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LeRoy: War on Terror, Part III

From the Left

By Brendan LeRoy

On Wednesday, my mother screamed up the stairs: “Brendan, Brendan! I think the President is going to declare war on ISIS!” I had not slept much for days so I acknowledged her and returned to the nap I had been awoken from.

Three hours later I decided to check up on what she had said. I checked Facebook and I found nothing; I checked Twitter and I found nothing. Eventually I made my way to Google and I found one result from ABC. The article was no more than 250 words, featuring a picture of the President with the Vice President and Secretary of State by his side. The President proposed the latest and greatest installment to the War on Terror, a ‘war powers resolution’ to Congress, the first since 2002, requesting authorization for three years of military action to defeat ISIS.

Four days later, Congress still has not acted. House Speaker John Boehner and the Republican coalition have requested greater flexibility for the military to defeat ‘the enemy.’ Democrats fear the broad nature of the resolution and request wording for a blanket prohibition of ground troops. The President said that “we are strongest as a nation when the president and Congress work together.” Perhaps this is true, and perhaps even possible a decade ago, but today it is proposing a fantasy.

This fall, some incoming high school freshmen will have been born after the September 11 attacks. Our geographical barriers on all sides protect us from witnessing the same horrors faced in the Middle East. I have not met any people recently who are gung-ho about the war as we are shielded from it entirely, a vague reality that no longer affects our daily lives. In this respect, we obsess over things such as the ‘militarization’ of the police rather than the actions of our military because it is only natural that we care about terrors against us rather than those which we commit to others.

I fail to see a great difference between ISIS which followed the Iraq and Afghanistan wars, and the Taliban which preceded them. The CIA estimates that the group has a military power between 40,000 and 60,000. ISIS has taken advantage of the weakened governments of Libya and Egypt from the Arab Spring, eastern Syria from the civil war and collapsing al-Assad government and Iraq following American departure.

Is this not what liberals have been saying all along: The War on Terror is a never-ending war which cannot be won. We have now begun our retreat and the Middle East is returning to the equilibrium of radical Islamic governments taking control of vulnerable areas. Regardless, a Marist poll taken between Feb. 11-12 showed that a majority of support comes from Democrats. I cannot say I am surprised, the election of the Democratic president brought upon liberals a blind and obnoxious support of the war, now that it is theoretically being managed by President Obama.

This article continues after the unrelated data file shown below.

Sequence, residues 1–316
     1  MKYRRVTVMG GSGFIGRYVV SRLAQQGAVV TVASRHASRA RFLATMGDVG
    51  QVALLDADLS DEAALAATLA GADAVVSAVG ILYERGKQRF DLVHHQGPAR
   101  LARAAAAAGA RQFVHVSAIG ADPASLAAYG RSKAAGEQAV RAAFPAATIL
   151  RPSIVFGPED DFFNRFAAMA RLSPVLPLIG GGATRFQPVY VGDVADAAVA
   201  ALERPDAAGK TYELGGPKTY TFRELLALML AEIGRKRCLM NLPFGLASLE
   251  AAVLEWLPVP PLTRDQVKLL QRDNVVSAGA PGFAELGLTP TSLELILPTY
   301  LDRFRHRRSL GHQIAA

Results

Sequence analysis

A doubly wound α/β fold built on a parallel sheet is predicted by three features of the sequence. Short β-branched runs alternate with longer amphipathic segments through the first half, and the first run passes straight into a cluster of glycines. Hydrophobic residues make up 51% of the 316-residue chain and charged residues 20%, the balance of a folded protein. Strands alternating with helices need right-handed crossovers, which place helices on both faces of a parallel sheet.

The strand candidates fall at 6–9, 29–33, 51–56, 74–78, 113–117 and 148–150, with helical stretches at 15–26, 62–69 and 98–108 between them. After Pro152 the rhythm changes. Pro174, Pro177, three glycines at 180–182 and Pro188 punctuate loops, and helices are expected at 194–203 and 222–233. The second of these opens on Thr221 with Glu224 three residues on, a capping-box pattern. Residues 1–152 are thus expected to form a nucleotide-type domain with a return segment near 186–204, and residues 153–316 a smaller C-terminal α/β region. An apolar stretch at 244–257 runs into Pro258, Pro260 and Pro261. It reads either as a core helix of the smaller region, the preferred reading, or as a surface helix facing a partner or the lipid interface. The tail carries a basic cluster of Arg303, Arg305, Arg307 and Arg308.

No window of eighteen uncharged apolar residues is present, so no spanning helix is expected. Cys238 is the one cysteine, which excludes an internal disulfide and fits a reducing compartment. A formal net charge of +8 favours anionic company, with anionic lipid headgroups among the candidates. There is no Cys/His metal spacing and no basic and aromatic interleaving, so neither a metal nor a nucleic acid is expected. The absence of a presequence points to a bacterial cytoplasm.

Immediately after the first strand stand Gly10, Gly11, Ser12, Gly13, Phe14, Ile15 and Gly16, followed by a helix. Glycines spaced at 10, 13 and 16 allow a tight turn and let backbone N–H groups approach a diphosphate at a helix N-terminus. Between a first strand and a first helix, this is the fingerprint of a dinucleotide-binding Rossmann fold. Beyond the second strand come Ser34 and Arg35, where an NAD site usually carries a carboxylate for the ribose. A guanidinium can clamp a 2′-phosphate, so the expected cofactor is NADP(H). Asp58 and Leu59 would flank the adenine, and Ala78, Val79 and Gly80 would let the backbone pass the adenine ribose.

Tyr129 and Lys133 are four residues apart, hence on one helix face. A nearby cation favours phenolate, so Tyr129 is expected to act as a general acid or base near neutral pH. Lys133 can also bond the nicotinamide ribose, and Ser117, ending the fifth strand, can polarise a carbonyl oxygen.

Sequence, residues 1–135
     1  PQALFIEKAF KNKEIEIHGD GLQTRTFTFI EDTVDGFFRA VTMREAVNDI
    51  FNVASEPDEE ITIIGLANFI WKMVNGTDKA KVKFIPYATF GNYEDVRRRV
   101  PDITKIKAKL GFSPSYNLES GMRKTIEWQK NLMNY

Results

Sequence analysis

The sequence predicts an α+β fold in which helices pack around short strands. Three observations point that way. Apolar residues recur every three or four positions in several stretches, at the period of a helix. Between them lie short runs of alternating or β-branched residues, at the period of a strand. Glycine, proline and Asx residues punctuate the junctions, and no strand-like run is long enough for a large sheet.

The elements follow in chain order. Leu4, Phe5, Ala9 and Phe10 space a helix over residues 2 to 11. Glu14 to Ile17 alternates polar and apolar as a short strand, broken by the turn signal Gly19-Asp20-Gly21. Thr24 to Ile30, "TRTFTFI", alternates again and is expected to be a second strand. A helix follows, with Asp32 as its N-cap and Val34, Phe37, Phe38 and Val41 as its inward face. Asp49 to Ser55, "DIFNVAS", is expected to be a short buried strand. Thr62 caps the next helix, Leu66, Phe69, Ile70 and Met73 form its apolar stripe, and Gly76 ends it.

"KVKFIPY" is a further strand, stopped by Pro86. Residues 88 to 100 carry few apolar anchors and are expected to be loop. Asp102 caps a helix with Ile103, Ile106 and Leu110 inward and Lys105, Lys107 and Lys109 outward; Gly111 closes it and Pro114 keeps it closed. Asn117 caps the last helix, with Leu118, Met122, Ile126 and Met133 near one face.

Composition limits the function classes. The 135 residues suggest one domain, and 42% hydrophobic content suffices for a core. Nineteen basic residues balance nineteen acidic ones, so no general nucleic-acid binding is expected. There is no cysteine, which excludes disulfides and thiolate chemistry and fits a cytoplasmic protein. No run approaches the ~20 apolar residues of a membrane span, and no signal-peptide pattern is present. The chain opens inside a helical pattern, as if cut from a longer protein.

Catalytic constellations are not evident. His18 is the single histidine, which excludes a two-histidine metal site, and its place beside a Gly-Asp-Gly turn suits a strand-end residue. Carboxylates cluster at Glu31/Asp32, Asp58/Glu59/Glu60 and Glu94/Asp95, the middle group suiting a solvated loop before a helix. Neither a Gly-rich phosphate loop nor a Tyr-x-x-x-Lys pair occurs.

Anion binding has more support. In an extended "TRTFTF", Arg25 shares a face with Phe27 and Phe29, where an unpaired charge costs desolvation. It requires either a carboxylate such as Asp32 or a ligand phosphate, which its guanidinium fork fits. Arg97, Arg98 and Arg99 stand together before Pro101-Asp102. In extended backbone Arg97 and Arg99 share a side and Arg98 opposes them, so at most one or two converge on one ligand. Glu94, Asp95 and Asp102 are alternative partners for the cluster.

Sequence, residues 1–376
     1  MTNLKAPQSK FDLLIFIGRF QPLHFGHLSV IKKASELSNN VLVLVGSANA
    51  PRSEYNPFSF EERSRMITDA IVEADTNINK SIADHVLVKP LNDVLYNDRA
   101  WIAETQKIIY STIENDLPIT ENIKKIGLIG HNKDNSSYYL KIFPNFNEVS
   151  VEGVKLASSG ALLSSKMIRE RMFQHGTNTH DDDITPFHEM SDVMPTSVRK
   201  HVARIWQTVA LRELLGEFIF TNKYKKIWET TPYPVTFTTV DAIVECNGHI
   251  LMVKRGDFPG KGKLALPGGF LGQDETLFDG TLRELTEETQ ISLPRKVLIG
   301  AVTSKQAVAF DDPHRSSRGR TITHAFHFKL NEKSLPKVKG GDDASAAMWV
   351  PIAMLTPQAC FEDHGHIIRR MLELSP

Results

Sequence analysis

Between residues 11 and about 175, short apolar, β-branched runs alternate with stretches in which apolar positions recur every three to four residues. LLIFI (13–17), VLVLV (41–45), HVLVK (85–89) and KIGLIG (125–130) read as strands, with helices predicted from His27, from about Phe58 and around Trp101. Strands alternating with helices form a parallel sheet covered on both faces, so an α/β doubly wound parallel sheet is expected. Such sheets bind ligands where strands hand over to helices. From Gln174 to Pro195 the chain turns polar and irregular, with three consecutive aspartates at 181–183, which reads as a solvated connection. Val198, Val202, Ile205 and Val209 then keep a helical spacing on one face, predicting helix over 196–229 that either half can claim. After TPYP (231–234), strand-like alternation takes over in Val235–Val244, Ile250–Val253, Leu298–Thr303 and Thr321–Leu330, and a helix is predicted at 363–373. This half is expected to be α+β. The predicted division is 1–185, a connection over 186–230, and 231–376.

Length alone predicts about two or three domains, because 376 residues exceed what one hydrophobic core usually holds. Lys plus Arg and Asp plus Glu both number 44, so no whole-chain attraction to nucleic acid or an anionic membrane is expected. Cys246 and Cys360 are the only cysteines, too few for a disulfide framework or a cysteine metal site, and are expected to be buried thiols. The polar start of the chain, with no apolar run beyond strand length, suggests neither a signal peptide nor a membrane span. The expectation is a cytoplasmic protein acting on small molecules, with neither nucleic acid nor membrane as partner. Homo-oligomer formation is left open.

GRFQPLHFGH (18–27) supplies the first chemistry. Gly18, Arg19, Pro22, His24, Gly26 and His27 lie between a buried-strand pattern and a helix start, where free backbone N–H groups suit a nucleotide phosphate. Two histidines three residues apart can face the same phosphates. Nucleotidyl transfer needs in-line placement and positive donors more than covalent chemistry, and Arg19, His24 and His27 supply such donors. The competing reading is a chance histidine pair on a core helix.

It seems that all parties involved are somewhat apprehensive about entering into another ‘conflict,’ not because they dislike the idea but because they do not wish to alienate the fragile American public. The United States has quite compelling interests in the Middle-East. Following the Paris bombing, world leaders joined together in a march of solitude. Leaders from the United States did not even pretend to boost their public relations as our highest officials were much too busy in Saudi Arabia. I will let your minds wander as to why that may be, I am sure you can figure it out.

We are entering another years-long conflict full force. This is the 14th year of our engagement in the Middle-East, having acted heavily in Iraq, Afghanistan, Yemen, Somalia, Pakistan and Libya. The prospect of the war being extended for years should be alarming yet rather it seems we have become desensitized. Liberals balked at Sen. McCain for saying we would be in the Middle East for a hundred years and here we are, the proposition does not truly feel that far fetched.

I do not fully know how I should feel about this ambiguous war powers resolution. The fact that this president has proposed this resolution, who actively tries to hold his anti-war facade, is somewhat concerning. This being said, we should feel a little lucky. Does it actually matter if our intervention has good or bad intentions? The reality is we are not being directly affected, the world seems to side with the United States, and we live in this country which holds the power. We are secure in the land that controls the world. The gracious and peaceful will never run the world and I am grateful to live in the nation that oppresses the world with benevolence. If we lost the control of the world, who would take the world for themselves?

Brendan LeRoy is a junior majoring in linguistics.

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